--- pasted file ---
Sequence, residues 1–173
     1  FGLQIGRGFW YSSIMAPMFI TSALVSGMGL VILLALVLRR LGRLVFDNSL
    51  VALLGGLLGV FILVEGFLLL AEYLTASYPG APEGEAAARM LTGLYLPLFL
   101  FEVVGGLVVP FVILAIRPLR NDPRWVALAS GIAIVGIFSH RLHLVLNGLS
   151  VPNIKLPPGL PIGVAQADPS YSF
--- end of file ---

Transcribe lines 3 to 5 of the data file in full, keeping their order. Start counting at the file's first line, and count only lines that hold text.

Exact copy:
    51  VALLGGLLGV FILVEGFLLL AEYLTASYPG APEGEAAARM LTGLYLPLFL
   101  FEVVGGLVVP FVILAIRPLR NDPRWVALAS GIAIVGIFSH RLHLVLNGLS
   151  VPNIKLPPGL PIGVAQADPS YSF